A weak pound does not necessarily make exports cheaper because you have to buy in raw materials and components from outside the UK and pay usually in US dollars for them so a weak exchange rate makes these more expensive. A weak pound does not have that many benefits considering most essential commodities like oil and food stuffs are priced in dollars so you get high inflation.

    Even home grown food becomes more expensive because you need a lot of oil to grow and process it.
    So which is cheaper, upgrading a factory several times, or rebuilding the factory in a completely different country? And if a weak currency is so awful for exports you might want to explain something to the Germany given the main reason they keep bailing out the likes of Greece, Italy, and Spain is to keep the euro weak.

    Posted from TSR Mobile
    Offline

    20
    ReputationRep:
    (Original post by KimKallstrom)
    I'd actually consider it an insult if Justin
    Trudeau agreed with me on anything. I feel dirty that we're both pro-EU. He's everything that's wrong with the modern West.
    Why?
    Offline

    20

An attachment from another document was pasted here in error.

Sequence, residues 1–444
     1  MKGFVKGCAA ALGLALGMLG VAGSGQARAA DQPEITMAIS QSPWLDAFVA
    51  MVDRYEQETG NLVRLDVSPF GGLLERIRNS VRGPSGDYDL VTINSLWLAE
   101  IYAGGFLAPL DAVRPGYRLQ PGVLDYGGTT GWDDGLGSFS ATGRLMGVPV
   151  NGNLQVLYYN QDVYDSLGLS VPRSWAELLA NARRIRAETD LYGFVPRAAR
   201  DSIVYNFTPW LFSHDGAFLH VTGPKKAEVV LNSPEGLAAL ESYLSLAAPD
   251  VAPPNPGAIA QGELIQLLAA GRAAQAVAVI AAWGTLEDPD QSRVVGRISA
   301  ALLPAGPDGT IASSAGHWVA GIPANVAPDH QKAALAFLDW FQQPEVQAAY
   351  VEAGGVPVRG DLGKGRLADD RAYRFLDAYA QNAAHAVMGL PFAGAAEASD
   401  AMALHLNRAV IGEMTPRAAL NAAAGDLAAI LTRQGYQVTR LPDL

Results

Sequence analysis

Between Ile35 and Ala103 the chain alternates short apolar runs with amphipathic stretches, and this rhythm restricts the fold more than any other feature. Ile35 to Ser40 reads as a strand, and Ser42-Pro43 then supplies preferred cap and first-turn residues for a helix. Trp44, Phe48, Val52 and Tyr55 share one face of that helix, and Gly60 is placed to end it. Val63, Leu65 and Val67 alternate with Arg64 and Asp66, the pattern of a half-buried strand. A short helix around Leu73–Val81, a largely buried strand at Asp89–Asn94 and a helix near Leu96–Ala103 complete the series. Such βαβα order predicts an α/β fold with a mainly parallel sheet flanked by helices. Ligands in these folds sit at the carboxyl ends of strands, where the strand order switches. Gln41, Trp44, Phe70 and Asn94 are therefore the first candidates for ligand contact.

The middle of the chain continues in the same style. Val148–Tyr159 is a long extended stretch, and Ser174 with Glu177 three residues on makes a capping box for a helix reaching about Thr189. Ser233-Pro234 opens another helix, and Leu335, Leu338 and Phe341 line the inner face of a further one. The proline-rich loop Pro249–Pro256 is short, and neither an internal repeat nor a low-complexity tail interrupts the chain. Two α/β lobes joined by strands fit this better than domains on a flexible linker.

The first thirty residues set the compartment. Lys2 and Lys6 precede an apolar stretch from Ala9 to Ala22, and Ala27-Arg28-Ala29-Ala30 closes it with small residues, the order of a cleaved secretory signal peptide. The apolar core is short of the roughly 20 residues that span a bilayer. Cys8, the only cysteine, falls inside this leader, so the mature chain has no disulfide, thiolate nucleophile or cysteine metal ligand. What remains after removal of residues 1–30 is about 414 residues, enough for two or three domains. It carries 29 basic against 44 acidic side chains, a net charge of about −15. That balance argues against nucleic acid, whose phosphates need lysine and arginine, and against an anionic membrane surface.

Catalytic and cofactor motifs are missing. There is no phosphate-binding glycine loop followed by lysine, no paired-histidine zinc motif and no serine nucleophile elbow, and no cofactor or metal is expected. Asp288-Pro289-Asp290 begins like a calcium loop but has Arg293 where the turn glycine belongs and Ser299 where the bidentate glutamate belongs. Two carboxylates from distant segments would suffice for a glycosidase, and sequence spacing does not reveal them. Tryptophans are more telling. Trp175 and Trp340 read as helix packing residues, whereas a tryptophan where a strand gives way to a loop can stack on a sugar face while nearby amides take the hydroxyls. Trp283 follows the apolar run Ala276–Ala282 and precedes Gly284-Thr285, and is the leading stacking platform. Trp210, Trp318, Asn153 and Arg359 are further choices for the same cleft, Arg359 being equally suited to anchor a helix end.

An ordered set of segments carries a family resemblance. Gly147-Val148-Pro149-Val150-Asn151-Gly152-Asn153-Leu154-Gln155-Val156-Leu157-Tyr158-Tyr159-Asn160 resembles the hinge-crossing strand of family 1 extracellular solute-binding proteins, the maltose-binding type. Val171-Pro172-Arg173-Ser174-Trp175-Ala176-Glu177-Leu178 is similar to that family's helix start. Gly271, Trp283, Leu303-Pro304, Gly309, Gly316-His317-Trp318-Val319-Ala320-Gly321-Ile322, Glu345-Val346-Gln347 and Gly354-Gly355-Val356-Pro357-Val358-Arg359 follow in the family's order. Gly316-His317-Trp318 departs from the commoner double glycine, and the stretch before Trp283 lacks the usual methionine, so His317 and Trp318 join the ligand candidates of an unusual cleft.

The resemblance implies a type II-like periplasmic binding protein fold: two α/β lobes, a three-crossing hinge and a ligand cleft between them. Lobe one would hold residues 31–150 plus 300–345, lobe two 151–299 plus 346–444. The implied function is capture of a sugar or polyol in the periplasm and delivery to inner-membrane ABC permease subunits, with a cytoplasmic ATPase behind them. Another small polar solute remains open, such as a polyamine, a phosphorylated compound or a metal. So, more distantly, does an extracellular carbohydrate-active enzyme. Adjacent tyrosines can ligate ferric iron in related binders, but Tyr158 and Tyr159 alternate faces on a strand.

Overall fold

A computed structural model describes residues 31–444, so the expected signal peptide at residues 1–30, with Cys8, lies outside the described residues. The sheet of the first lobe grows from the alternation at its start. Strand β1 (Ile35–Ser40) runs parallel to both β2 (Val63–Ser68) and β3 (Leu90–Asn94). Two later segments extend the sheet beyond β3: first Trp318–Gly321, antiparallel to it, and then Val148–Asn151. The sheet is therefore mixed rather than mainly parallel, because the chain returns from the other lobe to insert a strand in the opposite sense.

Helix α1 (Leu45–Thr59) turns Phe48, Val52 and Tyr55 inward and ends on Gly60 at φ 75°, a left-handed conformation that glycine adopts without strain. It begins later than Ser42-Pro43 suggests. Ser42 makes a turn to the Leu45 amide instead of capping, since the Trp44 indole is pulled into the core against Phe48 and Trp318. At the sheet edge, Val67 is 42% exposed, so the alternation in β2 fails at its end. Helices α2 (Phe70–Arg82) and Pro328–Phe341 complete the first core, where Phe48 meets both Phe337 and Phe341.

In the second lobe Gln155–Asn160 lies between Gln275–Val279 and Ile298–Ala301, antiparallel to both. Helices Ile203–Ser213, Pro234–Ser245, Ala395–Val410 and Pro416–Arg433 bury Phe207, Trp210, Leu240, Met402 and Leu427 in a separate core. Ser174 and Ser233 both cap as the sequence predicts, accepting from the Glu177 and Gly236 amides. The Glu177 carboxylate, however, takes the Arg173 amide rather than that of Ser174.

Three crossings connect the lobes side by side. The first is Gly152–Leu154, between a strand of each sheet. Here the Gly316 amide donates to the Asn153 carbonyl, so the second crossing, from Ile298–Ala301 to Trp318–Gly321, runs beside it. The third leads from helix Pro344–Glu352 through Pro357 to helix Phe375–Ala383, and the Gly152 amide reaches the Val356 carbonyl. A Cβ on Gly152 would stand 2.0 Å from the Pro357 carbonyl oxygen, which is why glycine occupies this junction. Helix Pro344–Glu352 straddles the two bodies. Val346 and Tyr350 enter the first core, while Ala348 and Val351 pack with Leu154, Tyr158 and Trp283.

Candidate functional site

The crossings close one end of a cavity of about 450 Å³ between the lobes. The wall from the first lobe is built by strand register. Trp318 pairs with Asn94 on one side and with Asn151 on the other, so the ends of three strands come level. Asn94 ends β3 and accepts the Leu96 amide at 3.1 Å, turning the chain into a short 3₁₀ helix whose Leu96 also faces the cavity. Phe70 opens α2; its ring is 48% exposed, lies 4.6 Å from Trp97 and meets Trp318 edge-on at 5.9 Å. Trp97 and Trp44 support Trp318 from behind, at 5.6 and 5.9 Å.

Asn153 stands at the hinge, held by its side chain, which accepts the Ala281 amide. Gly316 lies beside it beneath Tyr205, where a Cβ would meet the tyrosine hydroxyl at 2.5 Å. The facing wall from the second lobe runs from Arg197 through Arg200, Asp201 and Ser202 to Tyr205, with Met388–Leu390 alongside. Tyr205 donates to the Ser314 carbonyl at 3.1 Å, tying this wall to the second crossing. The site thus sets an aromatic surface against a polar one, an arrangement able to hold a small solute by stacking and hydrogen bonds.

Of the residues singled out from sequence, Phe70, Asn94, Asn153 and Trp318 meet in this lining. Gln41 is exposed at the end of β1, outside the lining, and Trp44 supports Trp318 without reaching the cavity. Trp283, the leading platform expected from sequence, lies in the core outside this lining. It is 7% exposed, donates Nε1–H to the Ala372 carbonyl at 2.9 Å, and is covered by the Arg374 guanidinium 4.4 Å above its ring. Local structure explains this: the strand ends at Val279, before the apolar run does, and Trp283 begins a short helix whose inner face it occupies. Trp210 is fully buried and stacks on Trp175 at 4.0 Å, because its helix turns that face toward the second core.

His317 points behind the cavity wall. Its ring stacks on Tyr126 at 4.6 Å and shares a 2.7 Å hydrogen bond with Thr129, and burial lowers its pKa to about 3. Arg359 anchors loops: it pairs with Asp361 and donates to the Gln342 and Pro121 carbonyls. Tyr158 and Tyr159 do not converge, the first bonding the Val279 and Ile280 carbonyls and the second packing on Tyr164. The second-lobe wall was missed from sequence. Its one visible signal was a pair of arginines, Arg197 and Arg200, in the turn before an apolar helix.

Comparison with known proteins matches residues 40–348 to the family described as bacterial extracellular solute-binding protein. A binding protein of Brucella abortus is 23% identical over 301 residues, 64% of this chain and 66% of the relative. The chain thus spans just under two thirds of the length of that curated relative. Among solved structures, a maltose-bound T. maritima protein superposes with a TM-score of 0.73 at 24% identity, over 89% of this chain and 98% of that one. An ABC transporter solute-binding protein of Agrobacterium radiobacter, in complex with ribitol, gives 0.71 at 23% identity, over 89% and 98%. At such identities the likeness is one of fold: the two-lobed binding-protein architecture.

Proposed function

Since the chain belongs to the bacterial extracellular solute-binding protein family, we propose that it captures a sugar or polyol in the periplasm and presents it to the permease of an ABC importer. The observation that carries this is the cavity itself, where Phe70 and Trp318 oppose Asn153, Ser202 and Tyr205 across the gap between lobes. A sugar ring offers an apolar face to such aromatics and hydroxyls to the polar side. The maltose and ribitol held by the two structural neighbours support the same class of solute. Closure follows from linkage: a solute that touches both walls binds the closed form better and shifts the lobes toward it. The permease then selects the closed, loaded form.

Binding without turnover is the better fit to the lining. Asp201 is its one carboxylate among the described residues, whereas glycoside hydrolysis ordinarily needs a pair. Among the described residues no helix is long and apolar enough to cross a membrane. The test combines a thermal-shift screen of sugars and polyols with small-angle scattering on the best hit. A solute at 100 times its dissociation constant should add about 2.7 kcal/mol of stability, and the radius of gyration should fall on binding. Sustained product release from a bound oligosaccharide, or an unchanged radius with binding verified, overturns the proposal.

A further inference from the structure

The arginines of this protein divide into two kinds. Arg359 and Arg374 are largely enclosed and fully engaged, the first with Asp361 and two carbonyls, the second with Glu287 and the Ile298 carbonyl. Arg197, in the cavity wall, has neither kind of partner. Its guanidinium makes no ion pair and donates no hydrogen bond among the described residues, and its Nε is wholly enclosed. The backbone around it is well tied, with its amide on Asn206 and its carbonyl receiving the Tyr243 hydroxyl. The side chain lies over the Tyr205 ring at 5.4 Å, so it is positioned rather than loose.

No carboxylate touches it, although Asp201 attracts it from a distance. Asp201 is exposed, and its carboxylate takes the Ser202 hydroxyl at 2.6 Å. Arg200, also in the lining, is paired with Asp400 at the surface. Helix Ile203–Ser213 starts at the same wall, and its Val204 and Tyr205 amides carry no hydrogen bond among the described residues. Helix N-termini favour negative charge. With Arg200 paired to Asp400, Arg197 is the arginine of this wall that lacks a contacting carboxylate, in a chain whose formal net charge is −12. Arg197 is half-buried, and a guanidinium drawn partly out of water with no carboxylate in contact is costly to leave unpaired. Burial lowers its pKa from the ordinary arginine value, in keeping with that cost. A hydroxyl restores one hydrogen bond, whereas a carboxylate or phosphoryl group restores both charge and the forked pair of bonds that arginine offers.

ReputationRep:
    (Original post by Jammy Duel)
    So which is cheaper, upgrading a factory several times, or rebuilding the factory in a completely different country? And if a weak currency is so awful for exports you might want to explain something to the Germany given the main reason they keep bailing out the likes of Greece, Italy, and Spain is to keep the euro weak.

    Posted from TSR Mobile
    Toyota has factories in France and Portugal so they could expand those and shrink the ones in the UK. There is always a bit of a bidding war when companies make big investments to see which country or locality can offer the best deal. The location of a big factory is not a big deal as long as the money is right.

    A weak Euro is certainly good for German exports, but the UK is a net importer of EU goods so its bad.
    Offline

    18
    ReputationRep:
    Canada is a liberal hellhole anyway. we dont want them doing deals with us, they are not good enough for traditionalists like great britain. they can go **** themselves with their french ancestors.
    Offline

    2
    ReputationRep: